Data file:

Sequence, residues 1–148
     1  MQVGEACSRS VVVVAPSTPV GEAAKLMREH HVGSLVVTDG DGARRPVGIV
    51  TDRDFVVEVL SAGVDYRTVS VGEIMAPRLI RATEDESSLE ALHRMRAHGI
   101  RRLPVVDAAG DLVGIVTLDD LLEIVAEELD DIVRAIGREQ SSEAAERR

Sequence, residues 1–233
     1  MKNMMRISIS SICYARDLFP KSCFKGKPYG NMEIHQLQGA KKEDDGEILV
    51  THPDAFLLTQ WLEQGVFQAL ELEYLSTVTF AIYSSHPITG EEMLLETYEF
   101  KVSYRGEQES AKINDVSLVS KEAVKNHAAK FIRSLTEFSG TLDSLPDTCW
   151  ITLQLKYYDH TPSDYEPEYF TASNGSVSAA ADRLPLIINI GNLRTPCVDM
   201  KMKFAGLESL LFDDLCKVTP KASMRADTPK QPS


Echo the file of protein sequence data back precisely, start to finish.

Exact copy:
Sequence, residues 1–148
     1  MQVGEACSRS VVVVAPSTPV GEAAKLMREH HVGSLVVTDG DGARRPVGIV
    51  TDRDFVVEVL SAGVDYRTVS VGEIMAPRLI RATEDESSLE ALHRMRAHGI
   101  RRLPVVDAAG DLVGIVTLDD LLEIVAEELD DIVRAIGREQ SSEAAERR

Sequence, residues 1–233
     1  MKNMMRISIS SICYARDLFP KSCFKGKPYG NMEIHQLQGA KKEDDGEILV
    51  THPDAFLLTQ WLEQGVFQAL ELEYLSTVTF AIYSSHPITG EEMLLETYEF
   101  KVSYRGEQES AKINDVSLVS KEAVKNHAAK FIRSLTEFSG TLDSLPDTCW
   151  ITLQLKYYDH TPSDYEPEYF TASNGSVSAA ADRLPLIINI GNLRTPCVDM
   201  KMKFAGLESL LFDDLCKVTP KASMRADTPK QPS